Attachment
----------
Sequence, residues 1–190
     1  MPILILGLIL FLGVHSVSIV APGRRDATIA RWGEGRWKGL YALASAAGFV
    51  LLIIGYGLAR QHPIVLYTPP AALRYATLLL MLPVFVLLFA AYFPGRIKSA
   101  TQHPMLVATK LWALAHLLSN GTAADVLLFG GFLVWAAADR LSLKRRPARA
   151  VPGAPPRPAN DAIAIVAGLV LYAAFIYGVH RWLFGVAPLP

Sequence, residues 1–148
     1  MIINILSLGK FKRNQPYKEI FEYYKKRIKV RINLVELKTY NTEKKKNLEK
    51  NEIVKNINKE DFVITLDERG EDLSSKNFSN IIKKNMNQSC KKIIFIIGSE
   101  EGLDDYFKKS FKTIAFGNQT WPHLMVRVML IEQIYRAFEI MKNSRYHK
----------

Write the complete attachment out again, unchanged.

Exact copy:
Sequence, residues 1–190
     1  MPILILGLIL FLGVHSVSIV APGRRDATIA RWGEGRWKGL YALASAAGFV
    51  LLIIGYGLAR QHPIVLYTPP AALRYATLLL MLPVFVLLFA AYFPGRIKSA
   101  TQHPMLVATK LWALAHLLSN GTAADVLLFG GFLVWAAADR LSLKRRPARA
   151  VPGAPPRPAN DAIAIVAGLV LYAAFIYGVH RWLFGVAPLP

Sequence, residues 1–148
     1  MIINILSLGK FKRNQPYKEI FEYYKKRIKV RINLVELKTY NTEKKKNLEK
    51  NEIVKNINKE DFVITLDERG EDLSSKNFSN IIKKNMNQSC KKIIFIIGSE
   101  EGLDDYFKKS FKTIAFGNQT WPHLMVRVML IEQIYRAFEI MKNSRYHK